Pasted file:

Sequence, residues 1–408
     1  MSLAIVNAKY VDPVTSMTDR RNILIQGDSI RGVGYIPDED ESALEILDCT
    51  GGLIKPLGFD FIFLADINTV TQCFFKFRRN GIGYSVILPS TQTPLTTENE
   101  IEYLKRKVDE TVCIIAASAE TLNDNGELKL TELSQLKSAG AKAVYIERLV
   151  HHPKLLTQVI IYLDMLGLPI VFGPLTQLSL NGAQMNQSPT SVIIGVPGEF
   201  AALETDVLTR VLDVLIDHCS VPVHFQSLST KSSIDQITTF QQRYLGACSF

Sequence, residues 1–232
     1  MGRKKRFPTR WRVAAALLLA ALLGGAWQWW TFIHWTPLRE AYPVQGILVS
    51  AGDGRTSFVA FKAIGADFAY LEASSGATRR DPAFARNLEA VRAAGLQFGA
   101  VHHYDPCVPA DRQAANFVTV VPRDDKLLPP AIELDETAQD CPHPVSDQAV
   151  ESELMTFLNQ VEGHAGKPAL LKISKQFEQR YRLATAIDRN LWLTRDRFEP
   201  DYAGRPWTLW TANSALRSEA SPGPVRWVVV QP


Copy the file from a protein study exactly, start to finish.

Sequence, residues 1–408
     1  MSLAIVNAKY VDPVTSMTDR RNILIQGDSI RGVGYIPDED ESALEILDCT
    51  GGLIKPLGFD FIFLADINTV TQCFFKFRRN GIGYSVILPS TQTPLTTENE
   101  IEYLKRKVDE TVCIIAASAE TLNDNGELKL TELSQLKSAG AKAVYIERLV
   151  HHPKLLTQVI IYLDMLGLPI VFGPLTQLSL NGAQMNQSPT SVIIGVPGEF
   201  AALETDVLTR VLDVLIDHCS VPVHFQSLST KSSIDQITTF QQRYLGACSF

Sequence, residues 1–232
     1  MGRKKRFPTR WRVAAALLLA ALLGGAWQWW TFIHWTPLRE AYPVQGILVS
    51  AGDGRTSFVA FKAIGADFAY LEASSGATRR DPAFARNLEA VRAAGLQFGA
   101  VHHYDPCVPA DRQAANFVTV VPRDDKLLPP AIELDETAQD CPHPVSDQAV
   151  ESELMTFLNQ VEGHAGKPAL LKISKQFEQR YRLATAIDRN LWLTRDRFEP
   201  DYAGRPWTLW TANSALRSEA SPGPVRWVVV QP